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CHUCK KOVALICK

In 1972, Charles Kovalick and his step-brother Chester Visneski were at a regular meeting of the Noxen-Monroe Sportsman’s Club.

Visneski suggested hosting a rattlesnake hunt for a fundraiser for the club, and the rest is Noxen history.

Visneski and Kovalick headed west to the Sinnemahoning Sportsmen’s Association rattlesnake hunt to see how things were done, and brought the information back to Northeast Pennsylvania for the beginning of a family tradition for years to come.

The original rattlesnake hunt in Noxen was held in August of 1972, but as Kovalick explained, “It was too late. The snakes were out of their dens it wasn’t a good time.”

The following season, the Club hosted the event in late June and had tremendous success.

The Noxen-Monroe Sportsman’s Club held the event for the next 12-13 years before letting the permit expire.

From then, there was a lull before the Noxen Volunteer Fire Department picked it up.

“The most successful part of our hunt was the sacking contest” said Kovalick, who is a renowned wildlife artist in the area.

He explained that the contest consisted of two partners who were in a ring with six rattlers. The game was to see who could pick up the rattlesnakes in the least amount of time without being bitten.

“There was a five second penalty if you got bit,” he chuckled.

Kovalick took second place one year with his teammate Terry Shook, who was the bagger.

“I got bit once,” remembered Kovalick. “I went to the clinic and they didn’t believe me, they thought I was joking about how it happened. I got a tetanus shot and then a half hour later I got the anti-venom serum and went to the hospital.”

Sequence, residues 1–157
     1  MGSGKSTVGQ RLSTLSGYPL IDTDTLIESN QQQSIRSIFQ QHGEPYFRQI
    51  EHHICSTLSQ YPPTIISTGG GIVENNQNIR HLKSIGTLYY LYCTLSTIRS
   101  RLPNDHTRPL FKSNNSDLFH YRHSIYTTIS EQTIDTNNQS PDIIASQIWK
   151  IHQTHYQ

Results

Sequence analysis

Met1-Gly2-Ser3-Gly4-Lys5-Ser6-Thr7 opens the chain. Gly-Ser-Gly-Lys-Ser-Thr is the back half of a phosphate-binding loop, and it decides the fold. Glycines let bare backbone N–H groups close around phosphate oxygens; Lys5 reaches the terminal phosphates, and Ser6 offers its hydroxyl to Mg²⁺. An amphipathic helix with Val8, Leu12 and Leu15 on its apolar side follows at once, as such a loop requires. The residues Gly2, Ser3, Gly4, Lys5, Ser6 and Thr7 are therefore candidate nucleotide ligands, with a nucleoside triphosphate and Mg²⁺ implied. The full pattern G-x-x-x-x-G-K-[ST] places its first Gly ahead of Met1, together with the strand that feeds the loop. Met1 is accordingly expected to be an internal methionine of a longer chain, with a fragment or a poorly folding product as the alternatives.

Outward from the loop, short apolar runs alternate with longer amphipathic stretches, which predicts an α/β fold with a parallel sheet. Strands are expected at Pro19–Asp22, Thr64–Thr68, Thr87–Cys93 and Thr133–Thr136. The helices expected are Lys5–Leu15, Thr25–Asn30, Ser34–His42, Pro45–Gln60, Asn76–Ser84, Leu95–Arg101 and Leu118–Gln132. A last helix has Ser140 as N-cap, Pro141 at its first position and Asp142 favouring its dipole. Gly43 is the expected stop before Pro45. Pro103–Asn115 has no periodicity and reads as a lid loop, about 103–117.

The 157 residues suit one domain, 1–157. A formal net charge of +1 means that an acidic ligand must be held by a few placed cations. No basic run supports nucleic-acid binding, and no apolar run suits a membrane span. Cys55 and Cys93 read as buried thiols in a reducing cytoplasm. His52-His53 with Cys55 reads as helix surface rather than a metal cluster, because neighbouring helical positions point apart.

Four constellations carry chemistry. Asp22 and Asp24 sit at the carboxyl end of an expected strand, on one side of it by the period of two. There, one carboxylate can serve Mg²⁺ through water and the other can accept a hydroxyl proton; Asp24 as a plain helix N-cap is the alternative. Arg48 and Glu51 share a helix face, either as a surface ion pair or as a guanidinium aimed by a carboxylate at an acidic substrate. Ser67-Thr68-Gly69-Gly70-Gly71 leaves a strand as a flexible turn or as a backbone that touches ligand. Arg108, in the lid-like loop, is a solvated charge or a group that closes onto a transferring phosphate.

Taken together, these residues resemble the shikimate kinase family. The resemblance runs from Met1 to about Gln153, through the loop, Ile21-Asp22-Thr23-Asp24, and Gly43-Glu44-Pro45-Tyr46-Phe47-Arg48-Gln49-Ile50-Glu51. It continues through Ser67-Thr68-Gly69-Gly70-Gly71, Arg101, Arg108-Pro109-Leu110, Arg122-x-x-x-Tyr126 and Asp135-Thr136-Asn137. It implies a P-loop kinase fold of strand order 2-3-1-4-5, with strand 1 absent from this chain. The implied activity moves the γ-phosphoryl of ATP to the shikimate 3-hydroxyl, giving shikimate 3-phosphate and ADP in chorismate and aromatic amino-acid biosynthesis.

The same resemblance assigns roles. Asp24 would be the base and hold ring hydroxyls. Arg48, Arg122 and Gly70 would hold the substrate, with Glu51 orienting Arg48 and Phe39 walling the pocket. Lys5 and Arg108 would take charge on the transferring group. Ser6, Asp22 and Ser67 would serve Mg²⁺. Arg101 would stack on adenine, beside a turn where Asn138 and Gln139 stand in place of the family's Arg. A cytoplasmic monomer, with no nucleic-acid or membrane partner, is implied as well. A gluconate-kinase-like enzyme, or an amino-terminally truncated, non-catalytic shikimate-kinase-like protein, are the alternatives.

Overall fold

Kovalick noted that in the early years, “We had about 25-30 snakes from around 35 hunters. That timing was much better. We grew it to as high as 100 snakes per hunt from about 60 hunters. The more returning hunters we had, the more experience they had. It was great,” said Kovalick.

Some of the major changes in today’s Rattlesnake Roundup, which is typically held over Father’s Day weekend each year at the Noxen fairgrounds, include rules and regulations.

According to Kovalick, who has not been to a roundup since the fire department began hosting it, “We didn’t have all the regulations that are in place now from the Pennsylvania Fish and Boat Commission, but we did always release the snakes, unharmed, back to the area we caught them. We took care of the snakes because we needed them the next year for the next hunt, so we returned them to their dens. Now, you need permits and licenses.”

He continued, “It is a sport, but there is no sacking contest today. The regulations killed us with that.”

Kovalick is happy that the Roundup is still an attraction in Noxen, and said he is glad they still draw large crowds.

“People are mystified by it-the snakes, the whole thing,” he said. “Every year they have new hunters, new beginners. There are prizes, like we had, for largest, most rattles, and longest non-poisonous.”

Also, the education aspect of the event decades ago, was non-existent. Kovalick simply stated, “We handled the snakes, we showed the people, we put them back.”

“The Noxen fire department does a good job. Back in the day, if members found a snake, they would just toss it aside. Fewer and fewer people we involved in the hunt and the sacking contest. We only did it Friday and Saturday,” he remembered.

“Now, they have four days, and food, and vendors, and stands, it is interesting. It is a good time. And it all started out as a sporting event,” he said.

The current installation of the Rattlesnake Roundup will run Thursday through Saturday, June 13-16, with grounds opening at 6 p.m. on Thursday and Friday and 1 p.m. on Saturday and Sunday.

Visit the Rattlesnake Roundup Facebook page for more information.